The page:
Historically, of course, the most well-known example is the study of equivalences/implications between versions of the axiom of choice over the theory ZF; as a fun fact, there's a famous story that when Tarski tried to publish a certain equivalence over ZF, one editor rejected it on the grounds that the equivalence between two true statements isn't interesting and the other rejected it on the grounds that the equivalence between two false statements isn't interesting. (I believe there were also hints of interest in equivalences between true principles in the study of absolute geometry, but I'm not certain - it's been a while since I looked at the history of non-Euclidean geometry.) However, ZF is "too strong" for most statements of mathematical interest, so we want to go deeper into things.

This is one of the motivations behind reverse mathematics: we look at equivalences/implications/nonimplications over a very weak theory, RCA$_0$, which intuitively corresponds to "computable" mathematics with "finitistic" induction only.

For example, here are some statements which are all equivalent to each other in the sense of reverse mathematics:

  • Every commutative ring which is not a field or the zero ring has a nontrivial proper ideal.

  • $[0,1]$ is compact.

  • Every infinite binary tree has an infinite path.

(There is actually a serious issue here which doesn't really crop up when proving equivalences over ZF, namely that we have to figure out how to express the statements we care about in the language of our base theory; this is an issue with weak theories like RCA$_0$ whose language is quite limited. I'm ignoring this issue completely here.)

And we sometimes want to go weaker still. Equivalences over theories much weaker than RCA$_0$ have been studied, albeit not (in my understanding) as extensively.

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    $\begingroup$ @PaceNielsen RCA$_0$ is really weak - it corresponds to computable mathematics, and computability is a seriously strict condition! RCA$_0$ doesn't know that $xR$ exists: $xR$ is defined in a non-computable way (to tell that $y\not\in xR$, we have to search through all $z\in R$). In fact, "$xR$ always exists" is equivalent to ACA$_0$! See this paper. $\endgroup$ Oct 24 '17 at 4:23
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    $\begingroup$ Very interesting, +1! One small quibble: do you mean "completeness of the real numbers", as opposed to compactness? $\endgroup$ Oct 26 '17 at 23:01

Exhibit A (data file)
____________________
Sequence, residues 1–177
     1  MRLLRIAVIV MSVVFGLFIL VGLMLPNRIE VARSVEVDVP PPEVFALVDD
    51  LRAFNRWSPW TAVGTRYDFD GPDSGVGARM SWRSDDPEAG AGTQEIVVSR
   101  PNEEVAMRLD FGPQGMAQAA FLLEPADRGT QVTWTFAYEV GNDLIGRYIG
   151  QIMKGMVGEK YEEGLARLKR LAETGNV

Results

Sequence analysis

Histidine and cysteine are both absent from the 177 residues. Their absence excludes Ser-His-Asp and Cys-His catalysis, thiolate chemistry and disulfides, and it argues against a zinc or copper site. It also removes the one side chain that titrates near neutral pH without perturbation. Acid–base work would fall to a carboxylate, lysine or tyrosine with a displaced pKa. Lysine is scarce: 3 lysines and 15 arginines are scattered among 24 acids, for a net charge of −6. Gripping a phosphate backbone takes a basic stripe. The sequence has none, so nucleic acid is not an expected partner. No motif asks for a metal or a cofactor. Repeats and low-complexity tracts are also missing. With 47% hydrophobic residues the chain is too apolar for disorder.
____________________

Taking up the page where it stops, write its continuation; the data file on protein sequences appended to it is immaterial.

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    $\begingroup$ Relevant to the concept of reverse mathematics, I highly recommend James Propp's article from the American Mathematical Monthly entitled "Real Analysis in Reverse": arxiv.org/abs/1204.4483 $\endgroup$ May 4 '18 at 23:18
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    $\begingroup$ woah!!! (+1) I find the commutative ring example here really mindblowing, somehow it "feels" much weaker to me than the other statements. do you have any recommendations for a (brief) introduction to reverse mathematics? $\endgroup$
    – user147820
    Mar 24 '21 at 14:59
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    $\begingroup$ @AtticusStonestrom I learned reverse math by starting with the paper Ideals in computable rings and alongside that reading the first bit of Subsystems of second-order arithmetic. The latter is more useful as a reference than a self-study text, but the first chapter is an exception to this, and is a good brief introduction. There's also a more recent book Slicing the truth, but I haven't actually worked with it in detail. $\endgroup$ Mar 24 '21 at 15:02

Noah Schweber's answer is in some sense the "right" answer, and I would have said something similar if he hadn't beaten me to it. However, I think that it's worth pointing out that reverse mathematics isn't necessarily the end of the story.

The Wikipedia entry on Sperner's lemma says (as of this writing):

In mathematics, Sperner's lemma is a combinatorial analog of the Brouwer fixed point theorem, which is equivalent to it.

Notice the word "equivalent." In my opinion, Wikipedia is correct, and in the minds of most mathematicians who understand both Sperner's lemma and Brouwer's fixed-point theorem, the two results are equivalent in the sense that proving one from the other is relatively straightforward, whereas proving either one of them from scratch requires a nontrivial idea. Moreover, in some sense it's the same nontrivial idea that you need in either case.